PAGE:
If I had to choose a religion, I would probably pick Islam, as itís the simplest and puts all people on equal terms before one God. Luckily, since religion is not compulsory, I wonít be making a trip to Mecca any time soon. In my freedom from religion, I can say that I find it hard to believe that prophets were anything more than benevolent, politically adept intellectuals, which would exclude me from most major monotheistic religions. Furthermore, I think the Christian Trinity is polytheistic, God canít have children (we are all Godís children), and worship of saints is idolatrous. There should be nothing between each individual and God, especially not a priest or other mortal. As for Islam, Arabic is only one language, not the language of God, and Mohammadís claim to be the last prophet seems a bit too convenient and fails to convince me that he really did speak the word of God. I donít know enough about any other religion to criticize. Where does all this leave me? Religionless, it appears. Iíll only claim to be striving for righteousness in the eyes of God. Thatís usually enough to gain acceptance in the hearts of believers in the major faiths, but not enough to gain membership in any of their religions. Thatís fine with me. On top of all this, if I say Iím Christian, there is some fanatic somewhere who will hate me because of it. If I say Iím Muslim, someone, somewhere will hate me for it. The same goes with claiming to be Jewish or Buddhist or anything else, but if all I proclaim is that I do good in order to please God, then who can hate me? Having no religion, just a God, makes things a lot easier. All my questions and confusion will be worked out soon enough on that inevitable day when Iím resting in peace.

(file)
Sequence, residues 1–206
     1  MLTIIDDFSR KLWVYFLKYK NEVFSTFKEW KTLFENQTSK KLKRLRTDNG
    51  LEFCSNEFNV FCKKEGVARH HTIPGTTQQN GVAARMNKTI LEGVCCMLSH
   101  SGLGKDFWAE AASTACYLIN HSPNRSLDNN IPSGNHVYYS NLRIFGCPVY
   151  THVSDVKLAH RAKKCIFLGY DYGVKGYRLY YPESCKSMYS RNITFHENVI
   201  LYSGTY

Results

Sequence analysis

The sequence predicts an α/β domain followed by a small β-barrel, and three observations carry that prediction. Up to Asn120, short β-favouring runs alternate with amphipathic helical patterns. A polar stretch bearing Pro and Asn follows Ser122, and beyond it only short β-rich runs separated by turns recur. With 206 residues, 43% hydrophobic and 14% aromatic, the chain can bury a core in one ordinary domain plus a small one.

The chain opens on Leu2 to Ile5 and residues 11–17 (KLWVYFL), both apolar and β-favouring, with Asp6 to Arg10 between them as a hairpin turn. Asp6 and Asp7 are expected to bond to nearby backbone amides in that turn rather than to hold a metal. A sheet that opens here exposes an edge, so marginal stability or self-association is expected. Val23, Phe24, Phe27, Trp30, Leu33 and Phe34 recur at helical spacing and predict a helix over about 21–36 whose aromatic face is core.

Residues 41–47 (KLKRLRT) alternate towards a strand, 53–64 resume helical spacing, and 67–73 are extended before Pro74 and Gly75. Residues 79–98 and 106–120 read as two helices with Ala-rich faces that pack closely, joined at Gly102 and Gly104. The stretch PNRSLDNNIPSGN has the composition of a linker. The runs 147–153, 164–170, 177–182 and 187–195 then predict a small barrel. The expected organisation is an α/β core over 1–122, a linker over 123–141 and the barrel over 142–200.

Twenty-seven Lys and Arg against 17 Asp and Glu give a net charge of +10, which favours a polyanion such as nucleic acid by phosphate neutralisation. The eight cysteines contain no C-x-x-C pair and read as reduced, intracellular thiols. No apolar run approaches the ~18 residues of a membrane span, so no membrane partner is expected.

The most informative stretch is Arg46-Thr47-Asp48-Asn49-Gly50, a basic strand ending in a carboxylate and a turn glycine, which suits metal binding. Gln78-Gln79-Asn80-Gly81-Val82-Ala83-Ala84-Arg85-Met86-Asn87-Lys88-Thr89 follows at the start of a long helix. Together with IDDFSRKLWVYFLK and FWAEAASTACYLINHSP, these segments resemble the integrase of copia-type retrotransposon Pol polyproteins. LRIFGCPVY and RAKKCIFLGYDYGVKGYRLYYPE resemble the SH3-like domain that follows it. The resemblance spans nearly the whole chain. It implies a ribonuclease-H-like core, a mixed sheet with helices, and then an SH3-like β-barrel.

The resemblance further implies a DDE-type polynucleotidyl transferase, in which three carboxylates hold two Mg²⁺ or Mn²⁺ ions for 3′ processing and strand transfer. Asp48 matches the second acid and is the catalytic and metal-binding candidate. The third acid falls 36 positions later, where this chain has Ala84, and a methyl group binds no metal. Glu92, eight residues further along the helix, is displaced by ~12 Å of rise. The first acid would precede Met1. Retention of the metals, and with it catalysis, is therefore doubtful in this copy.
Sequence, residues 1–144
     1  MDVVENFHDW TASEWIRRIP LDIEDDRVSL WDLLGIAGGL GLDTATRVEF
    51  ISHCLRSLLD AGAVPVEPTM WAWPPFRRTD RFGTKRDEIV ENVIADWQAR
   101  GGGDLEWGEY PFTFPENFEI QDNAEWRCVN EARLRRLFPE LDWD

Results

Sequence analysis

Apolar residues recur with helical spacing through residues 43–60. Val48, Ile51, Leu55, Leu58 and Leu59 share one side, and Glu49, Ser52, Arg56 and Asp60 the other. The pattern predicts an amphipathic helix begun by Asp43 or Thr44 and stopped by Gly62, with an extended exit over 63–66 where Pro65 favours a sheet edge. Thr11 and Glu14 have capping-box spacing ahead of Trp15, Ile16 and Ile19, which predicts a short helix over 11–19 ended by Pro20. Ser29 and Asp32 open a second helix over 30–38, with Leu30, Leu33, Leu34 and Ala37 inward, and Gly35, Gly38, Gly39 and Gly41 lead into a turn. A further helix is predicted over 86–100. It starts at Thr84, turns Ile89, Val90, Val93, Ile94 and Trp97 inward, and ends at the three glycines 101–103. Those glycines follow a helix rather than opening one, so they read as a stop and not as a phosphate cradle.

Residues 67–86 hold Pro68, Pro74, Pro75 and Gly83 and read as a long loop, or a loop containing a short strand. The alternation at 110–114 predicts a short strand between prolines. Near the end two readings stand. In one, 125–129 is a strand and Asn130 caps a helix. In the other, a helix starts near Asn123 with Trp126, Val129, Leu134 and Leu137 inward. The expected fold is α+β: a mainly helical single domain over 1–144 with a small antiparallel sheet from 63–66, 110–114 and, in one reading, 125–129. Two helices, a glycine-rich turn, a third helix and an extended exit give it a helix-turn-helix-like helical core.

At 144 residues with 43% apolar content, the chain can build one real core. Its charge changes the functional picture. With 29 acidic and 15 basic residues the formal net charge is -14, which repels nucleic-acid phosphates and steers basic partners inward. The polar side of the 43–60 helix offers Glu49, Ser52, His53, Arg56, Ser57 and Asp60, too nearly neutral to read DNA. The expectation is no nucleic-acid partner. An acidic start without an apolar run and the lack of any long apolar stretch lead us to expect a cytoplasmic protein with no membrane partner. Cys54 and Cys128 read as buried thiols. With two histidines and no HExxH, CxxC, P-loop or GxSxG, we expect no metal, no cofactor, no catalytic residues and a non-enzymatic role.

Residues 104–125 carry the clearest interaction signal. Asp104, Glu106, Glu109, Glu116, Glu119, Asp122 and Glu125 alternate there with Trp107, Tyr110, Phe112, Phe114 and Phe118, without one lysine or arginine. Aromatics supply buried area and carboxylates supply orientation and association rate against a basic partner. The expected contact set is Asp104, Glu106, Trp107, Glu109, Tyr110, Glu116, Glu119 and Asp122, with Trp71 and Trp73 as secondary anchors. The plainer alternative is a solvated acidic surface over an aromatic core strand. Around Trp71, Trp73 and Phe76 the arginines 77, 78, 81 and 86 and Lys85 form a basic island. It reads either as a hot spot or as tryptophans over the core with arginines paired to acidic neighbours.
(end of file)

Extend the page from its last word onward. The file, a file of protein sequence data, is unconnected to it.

Even though religion poses many interesting questions for me, I donít like spending too much time inquiring into something no one can answer. (One reason I have enjoyed learning so much about Islam is because I have a great time quoting verses from the Koran and knowing more about Islam than the Muslim fanatics in bush taxis between Aioun and Nouakchott who insist on condemning infidel westerners for their ignorance and lack of religious zeal. Itís also a good example of the pen being mightier than the sword and it shows that knowledge is power because shutting those fools up with a few words is just as sweet as knocking them out with a fist in their mouth, and itís legal.) When it comes to questions about God, I rely on that feeling deep down in my gut that knows thereís something out there. Itís like when you get the feeling that, for some reason, you know everything is going to turn out okay in the end. You donít know why, but all is going to be just fine. By acknowledging the existence of that feeling and putting complete trust in it, Iím satisfied that itís enough to confirm the existence of God.